Ever since Mark Prensky coined the terms Digital Native and Digital Immigrant, the world of academia has been seemingly confused. A Digital Native is someone that has grown up in the digital world of the internet, smartphones, personal computers, gaming devices, and a much more. A Digital Immigrant is someone that was not born in the era of digital innovation, and came to use the technology either willingly or by necessity.
The distinctions between natives and immigrants have been often misleading. Many schools and businesses have incorrectly assumed that because natives have grown up with technology, they understand how to use it effectively. This is a dangerously incorrect assumption. Research from Change the Equation showed that american millennials are in fact not tech savvy, and many possess very low technology skills. According to Linda Rosen of Change the Equation, “being tech savvy is not simply the ability to text, tweet, or take a selfie, but rather being able to use the technology to solve problems.” There is a significant amount of corroborating research about the non tech savvy population of millennials to justify serious concern. Here is another interesting article from the Chronicle of Higher Education about the myth of the Digital Native.
The cornerstone of digital literacy lies in recognizing the importance of a formalized curriculum and instruction. To draw an analogy, previous generations grew up in the age of automobiles. Yet, no one assumed anyone knew how to drive because of growing up in the era of automobiles. Simply growing up around digital devices in no way prepares students to use technology. Knowing how to use a game console or a smartphone offers few if any readily transferable skills to use personal computers and other devices to solve problems. While some millennials don’t fear technology, they surely don’t know how to use it effectively or efficiently. In a research project with subjects ranging from 16-34 years old, Change the Equation found that 58% have low technology skills. This finding is generalizable to the greater population, and must be addressed by schools.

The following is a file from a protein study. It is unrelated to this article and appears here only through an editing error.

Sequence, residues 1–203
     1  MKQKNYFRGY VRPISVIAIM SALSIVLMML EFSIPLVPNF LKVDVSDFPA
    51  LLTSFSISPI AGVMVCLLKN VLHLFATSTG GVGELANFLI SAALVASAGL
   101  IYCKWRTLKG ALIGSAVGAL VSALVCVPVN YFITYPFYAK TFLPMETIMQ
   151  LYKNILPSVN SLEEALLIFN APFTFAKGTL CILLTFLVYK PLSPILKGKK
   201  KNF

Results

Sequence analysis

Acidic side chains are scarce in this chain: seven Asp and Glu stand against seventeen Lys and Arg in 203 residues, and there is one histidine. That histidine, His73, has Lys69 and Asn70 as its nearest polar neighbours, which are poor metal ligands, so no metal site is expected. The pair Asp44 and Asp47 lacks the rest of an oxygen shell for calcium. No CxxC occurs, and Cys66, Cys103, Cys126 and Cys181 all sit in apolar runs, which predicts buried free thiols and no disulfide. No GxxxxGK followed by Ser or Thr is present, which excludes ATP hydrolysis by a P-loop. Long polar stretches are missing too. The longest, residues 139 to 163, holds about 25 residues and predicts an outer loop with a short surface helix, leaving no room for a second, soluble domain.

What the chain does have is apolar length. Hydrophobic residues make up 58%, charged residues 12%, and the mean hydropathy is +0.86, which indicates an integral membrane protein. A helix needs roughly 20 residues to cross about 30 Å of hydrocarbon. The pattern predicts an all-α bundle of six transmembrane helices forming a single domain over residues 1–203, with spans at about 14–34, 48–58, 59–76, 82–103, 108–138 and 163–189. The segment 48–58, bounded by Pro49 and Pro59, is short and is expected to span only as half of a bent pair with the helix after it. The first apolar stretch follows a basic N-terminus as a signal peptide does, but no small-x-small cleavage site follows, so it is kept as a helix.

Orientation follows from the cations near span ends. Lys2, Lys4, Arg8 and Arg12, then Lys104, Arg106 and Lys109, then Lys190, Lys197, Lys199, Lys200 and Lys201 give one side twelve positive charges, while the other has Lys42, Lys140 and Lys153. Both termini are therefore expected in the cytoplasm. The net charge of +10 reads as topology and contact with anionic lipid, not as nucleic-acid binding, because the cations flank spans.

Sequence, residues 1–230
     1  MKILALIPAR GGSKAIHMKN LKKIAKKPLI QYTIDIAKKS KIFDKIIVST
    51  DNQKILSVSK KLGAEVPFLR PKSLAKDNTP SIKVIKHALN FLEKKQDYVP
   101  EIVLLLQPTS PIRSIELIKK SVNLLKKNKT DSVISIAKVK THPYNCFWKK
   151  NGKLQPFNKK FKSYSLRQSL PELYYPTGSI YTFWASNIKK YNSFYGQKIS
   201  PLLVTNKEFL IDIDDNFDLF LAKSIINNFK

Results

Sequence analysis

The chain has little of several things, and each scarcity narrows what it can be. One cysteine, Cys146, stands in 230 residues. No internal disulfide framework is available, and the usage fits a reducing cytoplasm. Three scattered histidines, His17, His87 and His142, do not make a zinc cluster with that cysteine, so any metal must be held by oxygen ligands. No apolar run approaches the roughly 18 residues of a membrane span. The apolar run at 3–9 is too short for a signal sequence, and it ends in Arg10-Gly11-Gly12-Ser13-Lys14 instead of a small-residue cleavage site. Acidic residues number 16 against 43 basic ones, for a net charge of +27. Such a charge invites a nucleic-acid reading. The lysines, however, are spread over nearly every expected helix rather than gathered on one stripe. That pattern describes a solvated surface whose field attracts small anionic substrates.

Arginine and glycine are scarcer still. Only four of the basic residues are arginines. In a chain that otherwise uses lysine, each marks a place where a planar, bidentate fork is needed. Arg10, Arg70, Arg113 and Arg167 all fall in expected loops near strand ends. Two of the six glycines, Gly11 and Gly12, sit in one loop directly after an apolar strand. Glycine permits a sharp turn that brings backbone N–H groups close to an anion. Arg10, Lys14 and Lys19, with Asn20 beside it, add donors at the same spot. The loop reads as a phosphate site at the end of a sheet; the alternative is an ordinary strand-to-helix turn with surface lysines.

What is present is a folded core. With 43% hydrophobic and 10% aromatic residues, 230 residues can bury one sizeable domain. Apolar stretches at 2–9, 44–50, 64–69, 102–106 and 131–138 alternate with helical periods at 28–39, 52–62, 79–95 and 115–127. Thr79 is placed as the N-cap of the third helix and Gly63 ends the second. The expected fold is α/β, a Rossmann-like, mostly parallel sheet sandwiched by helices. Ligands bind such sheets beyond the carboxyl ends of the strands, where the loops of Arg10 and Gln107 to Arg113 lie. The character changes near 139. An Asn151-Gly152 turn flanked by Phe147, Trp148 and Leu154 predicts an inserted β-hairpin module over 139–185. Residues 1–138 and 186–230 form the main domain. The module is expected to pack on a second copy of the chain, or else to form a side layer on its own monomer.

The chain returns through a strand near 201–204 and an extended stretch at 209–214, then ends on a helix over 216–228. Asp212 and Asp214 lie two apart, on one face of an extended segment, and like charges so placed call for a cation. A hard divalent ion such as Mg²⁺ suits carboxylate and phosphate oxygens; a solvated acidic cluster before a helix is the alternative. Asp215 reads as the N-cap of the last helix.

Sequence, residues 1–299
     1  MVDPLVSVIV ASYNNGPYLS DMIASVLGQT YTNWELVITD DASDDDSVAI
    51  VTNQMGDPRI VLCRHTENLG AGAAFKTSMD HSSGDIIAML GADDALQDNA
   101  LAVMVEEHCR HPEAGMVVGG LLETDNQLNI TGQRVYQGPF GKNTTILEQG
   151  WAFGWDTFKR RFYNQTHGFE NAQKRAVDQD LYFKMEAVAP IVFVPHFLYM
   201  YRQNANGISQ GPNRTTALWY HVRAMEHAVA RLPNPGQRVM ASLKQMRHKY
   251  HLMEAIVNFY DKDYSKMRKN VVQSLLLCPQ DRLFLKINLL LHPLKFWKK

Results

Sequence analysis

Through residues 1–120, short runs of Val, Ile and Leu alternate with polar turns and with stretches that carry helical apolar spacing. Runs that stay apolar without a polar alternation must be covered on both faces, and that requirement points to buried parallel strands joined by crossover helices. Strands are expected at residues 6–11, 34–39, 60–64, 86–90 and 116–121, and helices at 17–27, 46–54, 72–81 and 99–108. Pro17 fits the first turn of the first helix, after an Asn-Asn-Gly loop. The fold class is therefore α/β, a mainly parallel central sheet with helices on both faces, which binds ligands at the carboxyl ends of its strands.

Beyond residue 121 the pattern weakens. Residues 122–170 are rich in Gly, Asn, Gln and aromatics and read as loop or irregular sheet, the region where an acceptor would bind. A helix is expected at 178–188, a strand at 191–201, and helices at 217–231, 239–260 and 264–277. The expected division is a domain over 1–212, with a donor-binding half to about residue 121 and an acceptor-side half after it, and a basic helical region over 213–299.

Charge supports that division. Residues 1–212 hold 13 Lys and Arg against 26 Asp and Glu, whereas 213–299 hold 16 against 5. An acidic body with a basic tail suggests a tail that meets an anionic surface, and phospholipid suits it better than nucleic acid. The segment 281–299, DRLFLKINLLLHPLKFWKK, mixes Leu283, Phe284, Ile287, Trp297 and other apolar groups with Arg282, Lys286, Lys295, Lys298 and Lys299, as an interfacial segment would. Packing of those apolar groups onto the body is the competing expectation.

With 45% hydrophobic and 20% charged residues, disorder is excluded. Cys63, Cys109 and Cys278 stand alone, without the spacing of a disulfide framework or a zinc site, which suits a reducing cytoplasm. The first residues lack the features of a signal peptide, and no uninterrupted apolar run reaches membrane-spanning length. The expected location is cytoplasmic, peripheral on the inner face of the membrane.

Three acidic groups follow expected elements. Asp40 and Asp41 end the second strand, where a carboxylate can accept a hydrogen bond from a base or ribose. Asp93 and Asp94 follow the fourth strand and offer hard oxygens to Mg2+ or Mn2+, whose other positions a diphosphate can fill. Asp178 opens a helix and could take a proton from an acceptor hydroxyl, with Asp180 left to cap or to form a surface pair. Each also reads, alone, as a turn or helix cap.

The fallacy that students will just pick up the technology is unfounded, and a limiting perspective. Digital Natives and Digital Immigrants alike need to be taught how to use applications effectively, how to manage computer systems and files, internet search strategies, ethics, security to protect ones data, the importance of ones online persona, and on and on. All of these important elements of digital competency are not obvious. Simply put, millennials don’t know what they don’t know, and to compound the problem, many think they know. Sadly, many educators don’t know either.
If a school or organization does not have the resources to address the problem, there are many providers that can assist. However, the first place one can look is locally. Many colleges offer courses in this area. Some high schools offer a basic level of digital literacy instruction, but obviously, based on the finding of Change the Equation, far too few.
There are certification programs that can be completed, which offer superb preparation for students and professionals. Check out IC3 from Certiport, and the International Computer Driver Licence (ICDL).
Perhaps most importantly, we cannot ever assume that digital literacy is obtained through some mysterious osmotic process. Because of the ever changing technology landscape, digital education must continue as a dynamic subject matter. Digital literacy is sometimes referred to as “the Fourth Literacy”, and for good reason. Effective digital skills are a must have in today’s world.